Warning of floods and food shortages in Ireland
Opinion: Climate change and extreme weather patterns require a new national plan
‘Without adaptation measures such as flood defences and early warning systems to prepare for disasters, the impacts of climate change are likely to be felt more strongly in future – particularly if no brakes are applied to year-on-year record greenhouse gas emissions.’ Photograph: Alan Betson
Ireland is likely to face more extreme weather events such as the recent flooding and storm surges, increased water restrictions and shortages of animal fodder and even food due to drought as the impacts of global warming become more severe.
That’s what some of our experts have deduced from the latest report by the UN’s Intergovernmental Panel on Climate Change (IPCC), released last Monday, which said that the impacts of global warming were already being felt “on all continents and across the oceans”.
It found that the “observed impacts” were substantial and widespread, that some future risks would have “large or irreversible” consequences for different sectors and regions, and that a risk-management approach to these threats should support adaptation and mitigation efforts.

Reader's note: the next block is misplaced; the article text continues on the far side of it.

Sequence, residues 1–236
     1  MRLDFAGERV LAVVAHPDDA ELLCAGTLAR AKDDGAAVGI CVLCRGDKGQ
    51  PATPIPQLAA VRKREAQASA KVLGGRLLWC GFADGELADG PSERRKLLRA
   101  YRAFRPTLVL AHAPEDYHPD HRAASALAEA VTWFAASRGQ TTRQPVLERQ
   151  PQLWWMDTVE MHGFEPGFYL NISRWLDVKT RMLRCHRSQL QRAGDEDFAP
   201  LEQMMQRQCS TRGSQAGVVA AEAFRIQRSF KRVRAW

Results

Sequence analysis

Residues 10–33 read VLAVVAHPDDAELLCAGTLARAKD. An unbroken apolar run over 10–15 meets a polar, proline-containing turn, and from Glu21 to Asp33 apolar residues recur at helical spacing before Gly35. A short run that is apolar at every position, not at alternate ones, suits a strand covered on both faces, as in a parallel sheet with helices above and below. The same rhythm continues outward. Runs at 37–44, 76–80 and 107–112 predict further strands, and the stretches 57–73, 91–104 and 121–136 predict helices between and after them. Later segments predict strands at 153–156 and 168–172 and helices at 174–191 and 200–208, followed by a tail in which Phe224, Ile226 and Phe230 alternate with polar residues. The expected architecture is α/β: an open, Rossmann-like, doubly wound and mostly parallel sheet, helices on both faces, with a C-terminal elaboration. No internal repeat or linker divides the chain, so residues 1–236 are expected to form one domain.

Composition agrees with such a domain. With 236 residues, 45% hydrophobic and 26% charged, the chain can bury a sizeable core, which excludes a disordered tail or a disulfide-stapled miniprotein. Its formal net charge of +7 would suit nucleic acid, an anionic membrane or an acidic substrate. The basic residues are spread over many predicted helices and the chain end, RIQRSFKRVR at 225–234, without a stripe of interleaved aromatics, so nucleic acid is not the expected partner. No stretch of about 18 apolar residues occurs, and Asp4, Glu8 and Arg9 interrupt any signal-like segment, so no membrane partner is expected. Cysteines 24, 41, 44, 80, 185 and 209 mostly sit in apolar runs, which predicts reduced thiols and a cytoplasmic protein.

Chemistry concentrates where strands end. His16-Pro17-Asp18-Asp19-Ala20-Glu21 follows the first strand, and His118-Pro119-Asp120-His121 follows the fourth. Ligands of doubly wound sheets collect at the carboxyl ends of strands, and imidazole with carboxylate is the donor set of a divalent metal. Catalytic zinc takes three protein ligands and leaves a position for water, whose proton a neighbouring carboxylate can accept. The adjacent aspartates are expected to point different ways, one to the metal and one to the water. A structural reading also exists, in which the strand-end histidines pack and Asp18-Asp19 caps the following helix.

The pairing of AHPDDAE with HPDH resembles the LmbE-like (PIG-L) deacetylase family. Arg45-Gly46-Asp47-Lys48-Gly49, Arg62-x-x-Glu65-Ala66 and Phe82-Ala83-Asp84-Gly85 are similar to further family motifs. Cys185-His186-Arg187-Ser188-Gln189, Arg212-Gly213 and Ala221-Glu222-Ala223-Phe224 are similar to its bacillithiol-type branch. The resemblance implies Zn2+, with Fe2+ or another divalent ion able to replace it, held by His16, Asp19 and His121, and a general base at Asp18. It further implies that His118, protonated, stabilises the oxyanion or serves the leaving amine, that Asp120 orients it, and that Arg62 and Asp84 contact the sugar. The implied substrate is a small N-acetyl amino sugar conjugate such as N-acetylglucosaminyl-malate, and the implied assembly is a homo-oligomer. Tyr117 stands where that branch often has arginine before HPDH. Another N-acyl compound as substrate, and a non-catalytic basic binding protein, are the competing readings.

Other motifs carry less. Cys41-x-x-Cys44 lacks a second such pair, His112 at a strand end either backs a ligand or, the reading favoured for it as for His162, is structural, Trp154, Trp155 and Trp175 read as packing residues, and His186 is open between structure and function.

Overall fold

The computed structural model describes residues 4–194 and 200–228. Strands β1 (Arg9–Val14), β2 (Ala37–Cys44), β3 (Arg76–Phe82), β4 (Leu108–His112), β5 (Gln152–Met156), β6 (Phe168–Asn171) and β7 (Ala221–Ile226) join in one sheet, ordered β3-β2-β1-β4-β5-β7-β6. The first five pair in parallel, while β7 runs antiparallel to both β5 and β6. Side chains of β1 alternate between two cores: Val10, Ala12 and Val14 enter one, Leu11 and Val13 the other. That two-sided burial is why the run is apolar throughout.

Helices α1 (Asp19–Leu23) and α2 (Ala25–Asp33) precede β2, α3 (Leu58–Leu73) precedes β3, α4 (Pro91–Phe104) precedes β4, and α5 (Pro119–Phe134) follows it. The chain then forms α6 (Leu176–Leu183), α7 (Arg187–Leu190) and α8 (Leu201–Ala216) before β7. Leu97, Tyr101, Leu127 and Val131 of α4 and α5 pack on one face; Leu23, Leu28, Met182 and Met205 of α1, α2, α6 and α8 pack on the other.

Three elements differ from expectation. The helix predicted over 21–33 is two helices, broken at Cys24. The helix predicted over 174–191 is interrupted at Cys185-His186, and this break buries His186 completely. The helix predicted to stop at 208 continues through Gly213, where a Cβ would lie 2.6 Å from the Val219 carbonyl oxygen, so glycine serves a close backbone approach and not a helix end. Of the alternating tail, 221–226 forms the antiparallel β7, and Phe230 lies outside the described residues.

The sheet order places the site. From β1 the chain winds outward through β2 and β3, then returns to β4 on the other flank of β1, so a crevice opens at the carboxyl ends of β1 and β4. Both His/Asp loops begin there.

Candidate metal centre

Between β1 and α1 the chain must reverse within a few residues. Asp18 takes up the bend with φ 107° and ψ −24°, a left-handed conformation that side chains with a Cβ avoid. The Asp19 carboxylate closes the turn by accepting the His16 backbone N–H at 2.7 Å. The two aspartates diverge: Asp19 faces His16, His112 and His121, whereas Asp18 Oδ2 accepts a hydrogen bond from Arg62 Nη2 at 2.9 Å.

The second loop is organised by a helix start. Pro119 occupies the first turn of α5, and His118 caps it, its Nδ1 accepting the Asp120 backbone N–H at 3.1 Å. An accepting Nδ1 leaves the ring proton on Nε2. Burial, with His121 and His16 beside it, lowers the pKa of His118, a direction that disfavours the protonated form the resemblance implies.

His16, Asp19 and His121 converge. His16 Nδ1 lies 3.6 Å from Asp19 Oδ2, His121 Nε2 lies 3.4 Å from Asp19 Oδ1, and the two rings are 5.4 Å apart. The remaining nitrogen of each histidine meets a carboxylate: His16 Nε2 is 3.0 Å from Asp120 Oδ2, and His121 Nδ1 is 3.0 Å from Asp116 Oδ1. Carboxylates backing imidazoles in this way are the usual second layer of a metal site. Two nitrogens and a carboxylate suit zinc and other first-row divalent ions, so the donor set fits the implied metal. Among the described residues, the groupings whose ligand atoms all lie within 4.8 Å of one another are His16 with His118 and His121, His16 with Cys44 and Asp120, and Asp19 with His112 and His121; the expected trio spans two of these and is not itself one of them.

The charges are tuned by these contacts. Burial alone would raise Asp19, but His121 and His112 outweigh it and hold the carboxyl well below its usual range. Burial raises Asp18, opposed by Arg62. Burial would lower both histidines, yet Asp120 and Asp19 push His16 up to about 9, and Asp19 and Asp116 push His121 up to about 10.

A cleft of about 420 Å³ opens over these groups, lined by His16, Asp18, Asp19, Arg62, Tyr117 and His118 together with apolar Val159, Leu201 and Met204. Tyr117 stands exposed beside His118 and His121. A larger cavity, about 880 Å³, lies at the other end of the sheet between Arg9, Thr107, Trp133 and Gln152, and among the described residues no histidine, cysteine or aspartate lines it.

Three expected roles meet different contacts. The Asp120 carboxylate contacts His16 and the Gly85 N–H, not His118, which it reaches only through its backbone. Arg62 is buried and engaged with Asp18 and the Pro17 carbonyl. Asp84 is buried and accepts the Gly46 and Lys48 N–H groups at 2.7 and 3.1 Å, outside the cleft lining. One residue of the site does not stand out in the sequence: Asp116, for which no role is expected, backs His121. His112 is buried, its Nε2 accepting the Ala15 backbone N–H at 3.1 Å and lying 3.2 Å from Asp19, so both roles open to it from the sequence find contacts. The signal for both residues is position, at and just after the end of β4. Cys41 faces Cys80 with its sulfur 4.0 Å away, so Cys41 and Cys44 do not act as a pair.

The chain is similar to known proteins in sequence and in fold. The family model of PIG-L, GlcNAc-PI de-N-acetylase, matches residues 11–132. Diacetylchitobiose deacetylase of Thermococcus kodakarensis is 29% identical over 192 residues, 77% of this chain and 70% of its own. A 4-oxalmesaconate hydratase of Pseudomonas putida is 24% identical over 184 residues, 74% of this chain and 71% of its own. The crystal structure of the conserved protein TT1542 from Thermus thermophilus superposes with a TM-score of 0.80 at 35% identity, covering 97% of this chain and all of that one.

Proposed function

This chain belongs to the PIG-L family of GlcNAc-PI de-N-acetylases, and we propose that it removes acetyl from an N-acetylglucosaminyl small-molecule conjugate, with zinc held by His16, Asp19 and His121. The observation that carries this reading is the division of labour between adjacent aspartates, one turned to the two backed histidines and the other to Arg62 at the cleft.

Without adaptation measures such as flood defences and early warning systems to prepare for disasters, the impacts of climate change are likely to be felt more strongly in future – particularly if no brakes are applied to year-on-year record greenhouse gas emissions.
Any plus in terms of warmer summers throughout western Europe would be offset by losses due to “extreme precipitation”, flooding in river basins and on coasts, sea level rise, drought-related water shortages and “extreme heat events affecting crop production”.
Food security has emerged as a major issue because of the IPCC report’s finding that unmitigated global warming is likely to cut agricultural production by 2 per cent per decade, even as demand rises by 14 per cent per decade to feed a rapidly growing population.
Next step for Irish climate change specialists is to examine the modelling done for the IPCC’s Fifth Assessment Report and apply it to Ireland.
“This will enable more detailed analysis of the local changes and allow us to do better impacts analysis,” says Dr Margaret Desmond.
Dr Desmond, climate change research specialist at the Environmental Protection Agency, says current projections of the impacts of global warming were similar to what’s outlined in the IPCC report “although the variability here is much greater than other parts of the world”.
Ireland, with its Atlantic weather system, is vulnerable to extreme events such as the recent exceptionally heavy rainfall and coastal flooding.
“I’m more inclined now to say that extreme events in Ireland have a climate change signature, however small,” says Prof John Sweeney.
Prof Sweeney, who heads the Irish climate analysis and research unit at NUI Maynooth, says the likelihood of more extreme weather events “is corroborated from the report” of the IPCC, which explicitly links such events with increasing temperatures.